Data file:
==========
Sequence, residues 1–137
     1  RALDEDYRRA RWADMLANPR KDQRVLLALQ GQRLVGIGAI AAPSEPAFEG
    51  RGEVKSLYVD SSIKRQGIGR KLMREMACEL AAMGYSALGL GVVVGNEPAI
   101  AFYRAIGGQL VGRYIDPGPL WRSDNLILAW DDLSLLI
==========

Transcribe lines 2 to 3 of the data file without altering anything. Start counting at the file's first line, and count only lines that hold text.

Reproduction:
     1  RALDEDYRRA RWADMLANPR KDQRVLLALQ GQRLVGIGAI AAPSEPAFEG
    51  RGEVKSLYVD SSIKRQGIGR KLMREMACEL AAMGYSALGL GVVVGNEPAI